With iconic red hourglass markings, shiny black bodies and a reputation as the deadliest spiders in North America, black widows have captured the public’s attention and imagination. But despite their infamy for being dangerous predators, new research reveals the arachnids have become prime prey for their less lethal cousins: brown widow spiders.
“Brown widows will aggressively go after black widows, chase them down,” Louis Coticchio, a biologist at the University of South Florida who led the study, tells the New York Times’ Asher Elbein. “They don’t play well with being neighbors.”
Black widow spiders are generally shy insect- and arachnid-eaters that often live in dark, dry spaces near humans, such as in wood piles, sheds or porch furniture. While their bites can cause pain, human fatalities are rare, and victims can be prescribed antivenom if they are at high risk. Despite the species’ name—and its reputation for females eating their mates after copulation—sexual cannibalism is uncommon (though it does happen). Three species in the U.S. fall under the common name black widow: the western species, Latrodectus hesperus; the northern species, L. variolus; and the southern species, L. mactans, per Smithsonian magazine’s Theresa Machemer.
Their cousins, brown widows, originated in either Africa or South America but have managed to colonize every continent but Antarctica. They were first detected in the United States in 1935 in Florida and have since expanded across the South and parts of the West. But as the numbers of these non-native creatures increased, black widows seemed to disappear, writes Live Science’s Harry Baker. At first, entomologists thought brown widows were outcompeting the native spiders for resources, but with ample food and habitat in Florida, and with only black widows displaced, Coticchio wondered if something else was afoot.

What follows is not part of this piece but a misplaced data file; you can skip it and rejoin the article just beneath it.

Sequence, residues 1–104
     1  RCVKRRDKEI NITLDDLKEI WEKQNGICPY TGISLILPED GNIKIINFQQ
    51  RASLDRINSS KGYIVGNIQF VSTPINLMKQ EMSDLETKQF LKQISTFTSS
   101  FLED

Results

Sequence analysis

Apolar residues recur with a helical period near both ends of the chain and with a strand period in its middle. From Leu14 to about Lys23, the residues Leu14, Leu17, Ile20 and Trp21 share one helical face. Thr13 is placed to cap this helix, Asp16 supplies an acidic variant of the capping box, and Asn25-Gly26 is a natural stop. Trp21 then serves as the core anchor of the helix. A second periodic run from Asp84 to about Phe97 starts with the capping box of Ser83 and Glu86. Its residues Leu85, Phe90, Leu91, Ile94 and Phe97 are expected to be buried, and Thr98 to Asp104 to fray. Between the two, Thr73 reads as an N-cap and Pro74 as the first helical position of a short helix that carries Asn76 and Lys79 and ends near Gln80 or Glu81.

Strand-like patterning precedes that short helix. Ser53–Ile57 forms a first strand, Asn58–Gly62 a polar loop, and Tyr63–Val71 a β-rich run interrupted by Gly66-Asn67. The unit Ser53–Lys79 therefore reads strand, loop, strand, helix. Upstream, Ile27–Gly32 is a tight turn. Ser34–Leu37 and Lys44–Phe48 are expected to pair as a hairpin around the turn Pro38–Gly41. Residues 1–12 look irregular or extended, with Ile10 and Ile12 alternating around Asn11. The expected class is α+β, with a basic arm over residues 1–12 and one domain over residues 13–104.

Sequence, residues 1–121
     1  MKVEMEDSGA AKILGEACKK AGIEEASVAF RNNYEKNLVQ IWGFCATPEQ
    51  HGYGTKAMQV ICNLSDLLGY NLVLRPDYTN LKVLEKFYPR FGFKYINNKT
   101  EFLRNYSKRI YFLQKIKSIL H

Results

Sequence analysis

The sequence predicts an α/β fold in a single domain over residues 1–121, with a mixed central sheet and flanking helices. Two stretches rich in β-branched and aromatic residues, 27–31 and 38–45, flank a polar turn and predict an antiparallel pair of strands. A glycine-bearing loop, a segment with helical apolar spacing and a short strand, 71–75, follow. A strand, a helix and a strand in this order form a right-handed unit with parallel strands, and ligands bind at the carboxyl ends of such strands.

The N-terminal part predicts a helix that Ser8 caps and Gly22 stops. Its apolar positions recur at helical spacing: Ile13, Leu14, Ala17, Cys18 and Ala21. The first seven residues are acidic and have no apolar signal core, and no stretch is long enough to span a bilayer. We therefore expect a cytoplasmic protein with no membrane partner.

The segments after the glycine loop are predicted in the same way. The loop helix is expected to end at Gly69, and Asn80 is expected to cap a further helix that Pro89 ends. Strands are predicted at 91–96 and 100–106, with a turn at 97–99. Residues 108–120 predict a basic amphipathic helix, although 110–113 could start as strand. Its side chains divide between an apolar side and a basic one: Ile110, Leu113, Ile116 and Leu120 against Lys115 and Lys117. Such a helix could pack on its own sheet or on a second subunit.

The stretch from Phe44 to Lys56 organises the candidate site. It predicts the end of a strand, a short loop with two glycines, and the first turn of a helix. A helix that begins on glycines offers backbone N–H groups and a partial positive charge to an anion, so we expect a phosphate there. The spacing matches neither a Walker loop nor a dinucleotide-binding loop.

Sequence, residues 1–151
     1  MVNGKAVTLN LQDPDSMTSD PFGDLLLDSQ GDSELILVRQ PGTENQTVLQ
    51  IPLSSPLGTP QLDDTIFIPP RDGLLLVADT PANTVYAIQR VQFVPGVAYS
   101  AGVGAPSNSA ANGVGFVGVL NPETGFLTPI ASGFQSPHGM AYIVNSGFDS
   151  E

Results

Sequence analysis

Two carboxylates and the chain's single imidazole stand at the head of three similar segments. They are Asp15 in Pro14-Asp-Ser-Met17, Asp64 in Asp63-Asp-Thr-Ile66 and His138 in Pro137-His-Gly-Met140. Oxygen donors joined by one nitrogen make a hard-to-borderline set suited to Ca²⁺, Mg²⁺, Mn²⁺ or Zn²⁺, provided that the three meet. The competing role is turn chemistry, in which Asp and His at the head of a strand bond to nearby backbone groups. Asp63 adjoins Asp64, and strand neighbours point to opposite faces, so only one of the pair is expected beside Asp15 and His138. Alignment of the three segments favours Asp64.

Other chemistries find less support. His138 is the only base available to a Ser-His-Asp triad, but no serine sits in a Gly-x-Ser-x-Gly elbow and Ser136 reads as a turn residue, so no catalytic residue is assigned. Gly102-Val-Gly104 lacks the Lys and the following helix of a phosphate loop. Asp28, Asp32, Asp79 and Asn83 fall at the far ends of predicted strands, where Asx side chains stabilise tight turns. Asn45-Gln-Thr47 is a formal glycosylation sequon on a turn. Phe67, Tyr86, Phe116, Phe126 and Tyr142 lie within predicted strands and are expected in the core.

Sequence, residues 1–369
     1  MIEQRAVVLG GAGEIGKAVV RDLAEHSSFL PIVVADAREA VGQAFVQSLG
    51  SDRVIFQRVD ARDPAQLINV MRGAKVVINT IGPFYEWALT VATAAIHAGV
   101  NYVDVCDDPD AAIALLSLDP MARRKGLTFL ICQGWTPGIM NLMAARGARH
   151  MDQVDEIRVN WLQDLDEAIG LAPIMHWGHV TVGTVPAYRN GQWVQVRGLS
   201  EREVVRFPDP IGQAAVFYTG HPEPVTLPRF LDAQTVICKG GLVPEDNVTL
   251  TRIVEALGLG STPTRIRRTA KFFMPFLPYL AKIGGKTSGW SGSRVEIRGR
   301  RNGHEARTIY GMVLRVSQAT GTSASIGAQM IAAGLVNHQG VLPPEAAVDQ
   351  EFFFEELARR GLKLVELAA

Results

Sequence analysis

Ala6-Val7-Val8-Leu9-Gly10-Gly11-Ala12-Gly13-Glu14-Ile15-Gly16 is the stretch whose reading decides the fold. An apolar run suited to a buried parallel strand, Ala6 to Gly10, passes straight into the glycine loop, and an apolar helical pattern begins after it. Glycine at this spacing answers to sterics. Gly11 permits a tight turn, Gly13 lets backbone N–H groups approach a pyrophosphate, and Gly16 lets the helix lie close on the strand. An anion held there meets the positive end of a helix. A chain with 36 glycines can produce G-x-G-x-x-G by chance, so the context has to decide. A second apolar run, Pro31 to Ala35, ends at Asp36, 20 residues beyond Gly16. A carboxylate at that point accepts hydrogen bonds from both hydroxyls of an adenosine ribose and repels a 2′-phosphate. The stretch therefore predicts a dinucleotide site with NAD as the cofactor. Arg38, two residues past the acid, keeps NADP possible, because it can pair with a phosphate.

To gain more insight into the interactions between the widow spiders, Coticchio and his colleagues placed a brown widow into a tank with either a southern black widow, a red house spider or a triangulate cobweb spider and recorded the outcome.
The results were dramatic: Brown widows were 6.6 times more likely to attack black widows than the other spiders. Young brown widows were particularly aggressive toward their cousins, killing and eating young black widows 80 percent of the time. In pairings of adults, black widows were eaten in 40 percent of the trials, while they defensively killed brown widows 30 percent of the time. The research team published the results this month in Annals of the Entomological Society of America.
“We didn’t expect to find such a dramatic and consistent difference in the personalities of the brown widow and the black widow,” co-author Deby Cassill, an ecologist at the University of South Florida, says in a statement. “Brown widows are boldly aggressive and will immediately investigate a neighbor and attack if there is no resistance from the neighbor. The black widows are extremely shy, counterattacking only to defend themselves against an aggressive spider.”
Why these species have such different responses to each other is unclear, but the research team plans to study their interactions in different parts of the world, such as Africa, per Live Science.
“We have found similarly high levels of aggression and activity in invasive brown widows in Israel,” Monica Mowery, a spider biologist at Ben-Gurion University of the Negev in Israel who was not involved in the new study, tells the Times. “One key remaining question is whether brown widows are outcompeting local species [elsewhere].”
Beyond predation, brown widows might also be displacing their native cousins because of their biology: They can lay more eggs and reproduce earlier in their lives than black widows do, leading to them have more offspring, per Mashable’s Mark Kaufman.
As of now, brown widows are not considered invasive, Coticchio tells Gizmodo’s Isaac Schultz, but he says he “would love to see the attitude toward them changed” if they turn out to be the main drivers behind black widow population declines.